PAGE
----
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Two Heads are Better Than One - Totem Topple Review

Home > Two Heads are Better Than One - Totem Topple Review

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Totem Topple is a vertical tower defense game centered around building a totem poll and protecting it from an endless stream of evil and rotating enemies. The entire game was built in less than 24 hours during the King game jam in January. Since the initial build of the game, it has been polished and was recently released on Wii U.

Platforms: Wii U [Reviewed], PC
Developer: Crystalline Green
Release: November 19, 2015
MSRP: $2.99
Press Copy provided by Crystalline Green

Totem Topple Review Wii U

Like most entries in the genre, there isn't a whole lot of story details presented in Totem Topple. Instead, you're thrown right into the core gameplay and given the choice between two game modes: classic and frenzy. Classic mode is what you might expect from a traditional tower defense game. You're given a sum of money to start with the ability to buy heads for your totem pole that feature different abilities. As you defeat enemies with your totem heads, you'll earn more money to buy even more and better towers.

While this core gameplay strucure itself is solid, the implimentation is where it starts to fall apart. Rather than the totem heads themselves attacking, they instead power up beak add-ons that fire arrows at the enemies. Each head increases stats like health, rate of fire, and attack power for any beaks that are attached. However, the differences between the heads seemed so insignificant that you were better off just buying the cheapest head available. No matter how many health or attack upgrades I applied, my units and the enemies both seemed to take only 1 or 2 hits.

Another unfortunate mechanic is that beaks are always placed on the highest totem head up, although you often need them to protect your lower heads. Enemies will target your lowest heads, but sometimes the path they take will also take out upper units. This would all be fine, bar the fact that your arrows can only shoot straight forward, sometimes making it literally impossible to take out enemies before they get to you. This leads to the game feeling more like Russian Roullete with RNG than a strategic tower defense game.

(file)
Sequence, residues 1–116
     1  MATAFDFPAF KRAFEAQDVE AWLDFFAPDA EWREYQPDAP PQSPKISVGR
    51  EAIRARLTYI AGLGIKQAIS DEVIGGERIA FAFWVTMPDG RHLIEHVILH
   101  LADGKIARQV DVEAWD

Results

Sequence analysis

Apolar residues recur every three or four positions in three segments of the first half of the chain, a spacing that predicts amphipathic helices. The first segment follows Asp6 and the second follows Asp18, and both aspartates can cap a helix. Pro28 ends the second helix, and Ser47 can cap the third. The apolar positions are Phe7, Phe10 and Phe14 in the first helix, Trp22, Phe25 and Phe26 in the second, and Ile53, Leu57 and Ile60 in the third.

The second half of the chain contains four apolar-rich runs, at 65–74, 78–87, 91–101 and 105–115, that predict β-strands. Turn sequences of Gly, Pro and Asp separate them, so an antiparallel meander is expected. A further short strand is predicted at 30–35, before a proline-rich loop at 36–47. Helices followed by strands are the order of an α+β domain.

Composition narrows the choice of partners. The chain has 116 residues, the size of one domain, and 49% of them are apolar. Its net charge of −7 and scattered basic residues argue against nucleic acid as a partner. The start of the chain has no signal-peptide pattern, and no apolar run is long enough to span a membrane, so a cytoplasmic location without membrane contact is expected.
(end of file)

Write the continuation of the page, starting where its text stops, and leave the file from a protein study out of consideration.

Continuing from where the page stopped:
Totem Topple Review Wii U

Frenzy mode takes away the gathering of currency and purchasing of totem heads. Instead, you're to select from one of the randomly generated heads or beaks that appear on the screen every few seconds. The goal is still to build up a large tower, but you've got less work to do worrying about the stats or purchasing order of heads. Just like classic mode, frenzy mode feels broken. The best strategy I could find (it landed me a #3 spot on the world leaderboards) was to only build heads and disregard any defensive tactics. While I did find some entertainment in seeing how high of a score I could get this way, it vastly strays from the purpose and intent of the game.

To add to a slew of negativity, the visuals and sound in Totem Topple are less than stunning. While the premise of unique totem heads could have led to an interesting artistic style, the result is a small number of decently drawn heads that are hard to tell apart. The single piece of music written for the game is decent in itself, but gets annoying when it's repeating on a loop. One highlight of the game is the online leaderboard feature, which is well integrated and inspires a desire to compete against other players around the world or on your friend list. Unfortunately, the core game itself simply isn't good enough to be redeemed by a well developed leaderboard and Miiverse integration.

Totem Topple Review Wii U

Totem Topple is actually somewhat impressive when you consider the timeframe it was developed in. It's understandable that a game built in less than 24 hours is going to have some noticeable flaws. However, there was a 10 month period of time before the game was released on Wii U that doesn't allow for this seemingly unfinished product. While it has a good foundation and isn't unreasonably priced, Totem Topple just isn't worth your time or money.


  • Good leaderboard integration
  • Decently priced @ $2.99


  • Gameplay doesn't pan out as intended
  • Success is awarded by luck rather than skill
  • Limited game modes and features
  • Boring music and graphics




These games simply aren't worth playing. They aren't fun to play and are seriously lacking in content. This category is usually reserved for cheap games that are blatant attempts at quick cash for the developer. Somtimes technical problems make these games unplayable. The only award these games will be winning is the Nintendo Castle certificate of participation.


Want to know what this score means? Check out our Scoring Guidelines page.

About the Author: Rial Johnson

Rial Johnson founded Nintendo Castle in 2011 with hopes to build the largest collection of Nintendo walkthroughs, guides, and content on the web. He is an avid gamer with a special place in his heart for Nintendo, but often finds himself writing about games more than actually playing them. You'll likely see him around Nintendo Castle and on social media, mostly managing the front-end content of the site.

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